One of the most significant joys of being a freelancer is that you are your own boss. There is nobody to moan at you and tell you what to do; nobody to give you orders. Of course, that means that there is nobody to remind you to do all those little things that your boss used to do for you – like paying bills and tax. So it is vital that you record your finances as a freelancer.
It is possible that you became a freelancer to get away from the dull, mundane parts of working a 9 to 5 job. The problem is that you can’t avoid them altogether.
When you act as a freelancer, you are running a business. You may even use a name for your business and market it as a business.
This means that you have obligations to record your finances like any other business too. No matter which way you choose to earn money online, you will be held responsible for keeping financial records.
Financial Recordkeeping Requirements Depend on Where You Live
You may operate internationally as a freelancer, and accept clients from all over the world. Yet, when it comes to tax and other business requirements, you need to work by the rules of your country of origin.
I’m a New Zealander. Thus I have to meet the requirements for operating a small business in New Zealand. Alright, in our case, there are few formal rules. You don’t need any form of business licence to operate in New Zealand. I would have to register if I were a company, but there is no formal business registration process if you are a sole trader or partnership.
Clearly, there are some types of businesses that have formal rules. I couldn’t just go out and do electrical wiring in people’s houses for instance. But, there are really only two legal requirements I have to abide by. The first is to record my finances and show them on my tax return. I am also expected to pay the relevant ACC (Accident Compensation Corporation) levies. ACC is New Zealand’s accident healthcare system.
Larry, being English, has to follow whatever rules apply in the United Kingdom for freelancers and small businesses.
Freelancers in the USA appear to have more complex rules. They have both state and federal requirements to follow. They have to worry about keeping their financial records for several types of taxes, along with health insurance.
How to Record Your Finances as a Freelancer
Now I admit to being old-fashioned here. As I have an Accounting degree and taught High School Accounting for over 20 years, I record my accounts by hand. I have set up a set of manual ledger accounts, and record my transactions on a daily basis in these.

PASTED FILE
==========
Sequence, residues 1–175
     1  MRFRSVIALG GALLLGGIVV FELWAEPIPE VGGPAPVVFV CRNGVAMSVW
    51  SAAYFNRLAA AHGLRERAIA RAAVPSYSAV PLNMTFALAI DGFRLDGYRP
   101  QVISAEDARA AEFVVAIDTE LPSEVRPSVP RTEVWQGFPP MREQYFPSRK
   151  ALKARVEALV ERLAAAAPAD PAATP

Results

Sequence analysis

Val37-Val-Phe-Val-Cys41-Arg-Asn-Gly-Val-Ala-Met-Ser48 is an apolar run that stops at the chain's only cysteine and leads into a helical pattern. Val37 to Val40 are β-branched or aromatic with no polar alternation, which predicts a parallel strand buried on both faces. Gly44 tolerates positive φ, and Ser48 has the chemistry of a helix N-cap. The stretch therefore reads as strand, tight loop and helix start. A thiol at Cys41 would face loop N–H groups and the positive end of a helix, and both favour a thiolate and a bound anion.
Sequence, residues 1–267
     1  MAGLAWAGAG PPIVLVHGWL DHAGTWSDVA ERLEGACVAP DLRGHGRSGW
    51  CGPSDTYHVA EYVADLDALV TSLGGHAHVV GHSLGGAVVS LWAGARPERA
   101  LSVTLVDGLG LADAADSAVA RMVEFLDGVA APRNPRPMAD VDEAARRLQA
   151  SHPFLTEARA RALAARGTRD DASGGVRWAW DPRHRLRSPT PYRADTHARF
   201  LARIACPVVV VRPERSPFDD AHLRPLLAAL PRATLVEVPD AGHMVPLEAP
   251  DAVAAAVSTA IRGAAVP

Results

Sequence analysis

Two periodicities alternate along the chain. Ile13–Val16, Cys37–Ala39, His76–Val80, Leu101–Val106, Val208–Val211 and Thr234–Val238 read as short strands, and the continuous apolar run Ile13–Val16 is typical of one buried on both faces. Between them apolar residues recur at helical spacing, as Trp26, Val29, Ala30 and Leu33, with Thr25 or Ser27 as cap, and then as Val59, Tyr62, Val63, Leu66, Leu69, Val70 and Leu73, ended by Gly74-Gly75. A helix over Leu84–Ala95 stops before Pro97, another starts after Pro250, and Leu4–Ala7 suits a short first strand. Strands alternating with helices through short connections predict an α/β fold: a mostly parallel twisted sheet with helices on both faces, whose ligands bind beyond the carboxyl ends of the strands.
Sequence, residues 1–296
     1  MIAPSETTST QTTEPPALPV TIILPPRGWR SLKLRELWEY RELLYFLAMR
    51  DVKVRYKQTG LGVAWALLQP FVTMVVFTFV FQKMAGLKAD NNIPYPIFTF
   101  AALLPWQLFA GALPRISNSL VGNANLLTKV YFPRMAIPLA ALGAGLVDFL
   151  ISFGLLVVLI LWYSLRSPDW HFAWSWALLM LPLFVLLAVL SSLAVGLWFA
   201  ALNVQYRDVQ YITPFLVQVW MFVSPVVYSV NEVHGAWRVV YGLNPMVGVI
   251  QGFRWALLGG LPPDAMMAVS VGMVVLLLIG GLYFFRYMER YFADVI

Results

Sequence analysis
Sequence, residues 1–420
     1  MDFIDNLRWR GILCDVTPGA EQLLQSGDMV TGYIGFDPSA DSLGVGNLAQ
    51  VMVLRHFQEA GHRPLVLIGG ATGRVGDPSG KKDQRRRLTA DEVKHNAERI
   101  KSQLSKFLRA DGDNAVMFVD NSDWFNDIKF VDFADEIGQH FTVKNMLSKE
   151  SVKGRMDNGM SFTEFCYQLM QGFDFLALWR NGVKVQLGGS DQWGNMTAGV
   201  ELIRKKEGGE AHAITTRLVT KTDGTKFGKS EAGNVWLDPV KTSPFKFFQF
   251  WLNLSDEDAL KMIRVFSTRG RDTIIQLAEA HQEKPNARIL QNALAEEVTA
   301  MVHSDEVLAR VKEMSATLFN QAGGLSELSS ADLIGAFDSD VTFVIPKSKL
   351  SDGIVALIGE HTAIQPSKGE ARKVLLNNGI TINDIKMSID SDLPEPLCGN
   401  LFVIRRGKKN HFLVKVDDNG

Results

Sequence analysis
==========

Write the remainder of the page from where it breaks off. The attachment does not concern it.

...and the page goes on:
Alright, I do cheat in one way. I accept the validity of my computer bank records and enter my data from here rather than the original source documents. This might horrify some of my past students who I always told to use bank records only as a back-up.
Because I am a small-time freelance writer and marketer, I am allowed to record my finances on a cash basis rather than an accrual basis for tax purposes. This makes things more straightforward, and this is another reason why I use my online banking records as a starting point.
I am registered for GST – New Zealand’s Goods and Services tax, although in many ways it is irrelevant to me. Over 90% of the money I earn comes from overseas (making it exempt from GST).
To many of you, the last few paragraphs may seem like a lot of gobbly gook. You have probably never written any accounts in your life, and have no intention of starting now.
If that is the case, I recommend that you work with an accountant to ensure that you get your taxes and other legal payments correct.
I must confess that there are times that I feel like changing over to a computerised system. This is because as I have to do monthly balances to ensure I have not made any mistakes. Last month I was out by a measly 16 cents in my balancing and took far too long to find my mistake.
At some point, I will change over to some form of computerised system for recording my finances s a freelancer.
Here in New Zealand, we have two main options: Xero and MYOB. There are a few other choices, but they don’t seem to be as customised to the New Zealand market as the big two are.
If you are in another country, you will want to investigate what is best for your market. I know that there are financial products that people use, like Mint, that are not available in New Zealand for me to try.
As I said above, I taught Accounting for over 20 years, and I showed the basics of MYOB to classes for part of that time. Xero has grown in prominence since I’ve been out of teaching, so I will also look closer at that product when I get around to making the switch.
Whichever Method You Use, Use Something to Record Your Finances
This is an area that you can’t afford to ignore.
One of the hardest parts of being self-employed is making sure that you have enough money to pay your taxes. Nobody else is going to do it for you.
I struggled at the beginning. After starting slowly, and having very little money to pay in my first year, I had an excellent second year. This meant that I struck a problem in my third year. I had to find the money to pay the second year’s tax, as for various reasons I was unable to put aside enough money as I went. But I also had to make an accurate prediction of the third year’s income, and begin paying tax on that in advance.
Unfortunately, I lost a few significant contracts at that point, which meant that I did not have the money I needed. I was lucky that I was able to work things through with IRD, although I still owe them far more than I would have had I been in a position to pay at the correct time.
One thing that helped was that I did at least have good records of what I earned and what I spent.
Remember that it is your responsibility to record your finances as a freelancer, not some boss. That is the cost of the freedom of being self-employed.